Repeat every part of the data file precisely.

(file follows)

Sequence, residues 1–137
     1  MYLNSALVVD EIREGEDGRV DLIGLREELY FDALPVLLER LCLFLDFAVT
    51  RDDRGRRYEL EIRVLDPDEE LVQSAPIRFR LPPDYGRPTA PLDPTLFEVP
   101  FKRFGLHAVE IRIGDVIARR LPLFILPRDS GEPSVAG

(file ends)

Sequence, residues 1–137
     1  MYLNSALVVD EIREGEDGRV DLIGLREELY FDALPVLLER LCLFLDFAVT
    51  RDDRGRRYEL EIRVLDPDEE LVQSAPIRFR LPPDYGRPTA PLDPTLFEVP
   101  FKRFGLHAVE IRIGDVIARR LPLFILPRDS GEPSVAG